Skype is not spying on you, or at least that’s what it said back in July of last year. That claim is now suspect in the wake of the Snowden leaks, especially one that found Skype had made it easier for the NSA/FBI to intercept calls being made on the service. Now Skype’s home country of Luxembourg has opened an investigation into the company.
The Guardian reports that Luxembourg’s data protection commissioner has opened an investigation regarding Skype’s alleged ties to the NSA. In particular, the commissioner wants to find out if Skype is in violation of the country’s strict surveillance laws. The country only approves surveillance in one of two ways – judicial approval or through a tribunal.
What’s interesting about this investigation is that Skype’s work with the NSA could be totally legal in Luxembourg. The Guardian notes that Skype’s activities may have been approved through some secret means not privy to the data protection commissioner. If that turns out to be the case, he will be hit with the one-two punch of not only being able to prosecute, but also learning that the government went over his head to approve surveillance.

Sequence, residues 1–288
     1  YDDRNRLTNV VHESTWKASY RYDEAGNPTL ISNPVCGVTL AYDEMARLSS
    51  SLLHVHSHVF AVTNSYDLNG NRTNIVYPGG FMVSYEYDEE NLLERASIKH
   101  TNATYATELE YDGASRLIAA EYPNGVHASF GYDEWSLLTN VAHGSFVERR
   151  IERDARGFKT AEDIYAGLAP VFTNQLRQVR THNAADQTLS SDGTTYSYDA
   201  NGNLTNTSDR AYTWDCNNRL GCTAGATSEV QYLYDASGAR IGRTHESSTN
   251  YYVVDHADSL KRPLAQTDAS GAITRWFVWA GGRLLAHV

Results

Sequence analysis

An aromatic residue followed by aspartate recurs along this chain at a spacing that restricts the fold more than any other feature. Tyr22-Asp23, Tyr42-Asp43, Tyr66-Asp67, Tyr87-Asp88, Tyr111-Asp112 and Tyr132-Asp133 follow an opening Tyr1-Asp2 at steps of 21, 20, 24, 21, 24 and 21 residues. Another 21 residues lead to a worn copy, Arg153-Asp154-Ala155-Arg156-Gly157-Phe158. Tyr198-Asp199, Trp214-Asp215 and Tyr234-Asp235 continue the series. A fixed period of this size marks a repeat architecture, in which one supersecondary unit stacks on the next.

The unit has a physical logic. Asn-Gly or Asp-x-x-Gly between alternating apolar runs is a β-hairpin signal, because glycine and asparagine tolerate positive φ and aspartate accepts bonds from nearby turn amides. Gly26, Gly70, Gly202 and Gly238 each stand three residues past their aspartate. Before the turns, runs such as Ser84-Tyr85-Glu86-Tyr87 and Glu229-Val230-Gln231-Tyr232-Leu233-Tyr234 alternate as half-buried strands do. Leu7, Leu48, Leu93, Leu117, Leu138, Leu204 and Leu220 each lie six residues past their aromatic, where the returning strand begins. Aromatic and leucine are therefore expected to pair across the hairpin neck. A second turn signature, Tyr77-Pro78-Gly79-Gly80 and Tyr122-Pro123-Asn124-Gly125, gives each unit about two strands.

If Skype is found in violation of the law, however, the commissioner will be able to pursue a number of remedies. For starters, he could outright ban Skype from sharing communications data with the NSA or any other government entity. It also faces the usual fines that come with privacy violations.
A lot of the concerns regarding Skype are not new. Last year, the company announced that it was moving from decentralized P2P communications to servers. The move was defended as a way to increase call quality, but moving away from P2P also makes it easier for the authorities to eavesdrop on and even save calls made over Skype. The company vehemently denied such accusations last year, but as noted above, it’s a little harder to do so now that we know about PRISM.
With Skype under investigation, where does this leave Microsoft? Well, the company has already made it clear that it intends to fight the U.S. government on making the NSA and its federal data request program more transparent. If its wish is granted, we would most likely be able to see how many people are targeted on Skype. Unfortunately, Microsoft doesn’t seem too interested in actually stopping Skype surveillance though. Maybe Luxembourg’s data protection commissioner has more luck in his investigation.